Over the past ten years, our modern democracies have undergone a radical change. We have seen technology transform things for better, and for the worse. Trust in our institutions has eroded, old powers have crumbled and new powers have emerged.
What will the next ten years have in store for us? From where we stand, the possibilities seem endless. The Internet and new technologies are offering opportunities to redistribute power. Top-down models of governance are no longer being seen as legitimate or efficient, and citizens now expect decision-making to be shared, open and participatory. To shed light on what the future holds, the Brussels-based digital participation platform CitizenLab asked 12 digital democracy experts to share their predictions.
Three main ideas emerged from these conversations. First, people matter more than technology. Second, the future of citizen participation relies on deliberation. Third, transparency is key.
The experts are:
- Daniel Korski (UK), CEO and co-founder of PUBLIC, a venture capital fund that aims to solve public problems that helps the most innovative technology start-ups do business with the public sector, and Chair of the GovTech summit
- Paula Forteza (France), Member of Parliament, representing the 2nd constituency of French residents overseas
- Tiago C. Peixoto, Senior Public Sector Specialist at the World Bank’s Governance Global practice and co-author of a recent World Bank report on the role of emerging digital technology in citizen engagement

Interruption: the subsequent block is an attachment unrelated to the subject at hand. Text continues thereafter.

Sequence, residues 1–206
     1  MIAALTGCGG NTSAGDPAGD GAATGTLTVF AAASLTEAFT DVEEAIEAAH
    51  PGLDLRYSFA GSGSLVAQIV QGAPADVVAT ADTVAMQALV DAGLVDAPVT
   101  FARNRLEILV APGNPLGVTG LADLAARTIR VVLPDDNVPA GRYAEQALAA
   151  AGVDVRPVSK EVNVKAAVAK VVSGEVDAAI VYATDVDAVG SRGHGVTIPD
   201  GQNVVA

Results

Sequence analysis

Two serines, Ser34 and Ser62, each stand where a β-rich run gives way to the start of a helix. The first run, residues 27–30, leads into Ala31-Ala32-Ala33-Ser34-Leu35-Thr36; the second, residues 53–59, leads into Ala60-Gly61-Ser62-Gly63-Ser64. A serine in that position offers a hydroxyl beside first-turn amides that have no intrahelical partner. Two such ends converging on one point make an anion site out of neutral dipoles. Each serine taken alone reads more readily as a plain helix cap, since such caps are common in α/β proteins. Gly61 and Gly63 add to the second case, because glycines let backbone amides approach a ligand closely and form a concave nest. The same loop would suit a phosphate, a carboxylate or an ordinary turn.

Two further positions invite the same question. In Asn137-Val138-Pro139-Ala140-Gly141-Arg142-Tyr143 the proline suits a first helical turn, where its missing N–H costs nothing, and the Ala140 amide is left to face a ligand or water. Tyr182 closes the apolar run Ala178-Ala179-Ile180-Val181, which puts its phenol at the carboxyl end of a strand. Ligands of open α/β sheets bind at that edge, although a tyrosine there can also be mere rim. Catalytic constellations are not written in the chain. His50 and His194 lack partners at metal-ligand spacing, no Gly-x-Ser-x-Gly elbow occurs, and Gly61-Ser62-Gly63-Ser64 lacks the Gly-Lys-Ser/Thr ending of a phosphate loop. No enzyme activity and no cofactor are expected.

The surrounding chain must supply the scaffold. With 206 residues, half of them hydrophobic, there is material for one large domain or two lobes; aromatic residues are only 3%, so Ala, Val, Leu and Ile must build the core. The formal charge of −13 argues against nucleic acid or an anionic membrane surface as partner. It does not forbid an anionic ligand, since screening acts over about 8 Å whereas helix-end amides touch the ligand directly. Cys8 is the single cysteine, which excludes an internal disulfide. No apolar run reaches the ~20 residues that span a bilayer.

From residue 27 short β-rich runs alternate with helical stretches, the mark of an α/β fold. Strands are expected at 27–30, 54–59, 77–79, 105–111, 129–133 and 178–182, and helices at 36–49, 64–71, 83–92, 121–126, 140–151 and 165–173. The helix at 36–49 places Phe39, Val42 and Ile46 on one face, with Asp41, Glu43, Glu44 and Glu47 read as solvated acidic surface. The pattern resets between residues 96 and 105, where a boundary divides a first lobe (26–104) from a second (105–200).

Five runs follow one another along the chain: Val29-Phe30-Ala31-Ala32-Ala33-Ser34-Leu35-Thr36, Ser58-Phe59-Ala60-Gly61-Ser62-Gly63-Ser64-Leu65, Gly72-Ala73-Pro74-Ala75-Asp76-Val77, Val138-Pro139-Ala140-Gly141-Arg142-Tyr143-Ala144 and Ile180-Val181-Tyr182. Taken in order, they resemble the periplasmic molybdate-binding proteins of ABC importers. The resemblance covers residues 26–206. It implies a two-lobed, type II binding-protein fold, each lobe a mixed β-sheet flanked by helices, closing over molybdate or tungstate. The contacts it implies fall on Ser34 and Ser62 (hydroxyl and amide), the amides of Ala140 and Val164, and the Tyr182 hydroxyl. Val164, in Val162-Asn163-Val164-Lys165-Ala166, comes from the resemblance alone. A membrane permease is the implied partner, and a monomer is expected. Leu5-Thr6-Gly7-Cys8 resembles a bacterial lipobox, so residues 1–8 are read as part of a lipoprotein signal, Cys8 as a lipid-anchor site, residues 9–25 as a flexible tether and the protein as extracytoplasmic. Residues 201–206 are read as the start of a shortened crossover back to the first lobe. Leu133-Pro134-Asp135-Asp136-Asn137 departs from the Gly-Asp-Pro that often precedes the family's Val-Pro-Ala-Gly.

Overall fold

- Marci Harris (USA), co-founder and CEO of PopVox, a platform that helps citizen communicate with their governments, and a former member of a U.S. congressional team
- David Lemayian (Kenya), Chief Technology Officer of Code For Africa, the continent’s Civic Technology, open data and data journalism initiative
- Adriana Groh (Germany), director of the Prototype Fund, a Berlin-based organisation which funds innovative, citizen-led projects which benefit the public interest
- Boudewijn Steur (Netherlands), programme manager Strengthening Democracy and Governance at the Dutch Ministry of the Interior and Kingdom Relations
- Dirk Verstichele (Belgium), CEO of Cipal Schaubroeck, a Belgian company offering HR and IT services specifically for the public sector
- Stephen Boucher (Belgium), founder of the think-and-do tank Dreamocracy, a think-and-do tank and consulting agency
- Elisa Lironi, senior manager European Democracy at the European Citizen Action Service (ECAS)
- Quentin Jardon (Belgium), co-founder of Wilfried, a magazine that covers Belgian politics
- Vincent Van Quickenborne (Belgium), mayor of the Flemish city of Kortrijk
Interviews with all experts can be found in this white paper.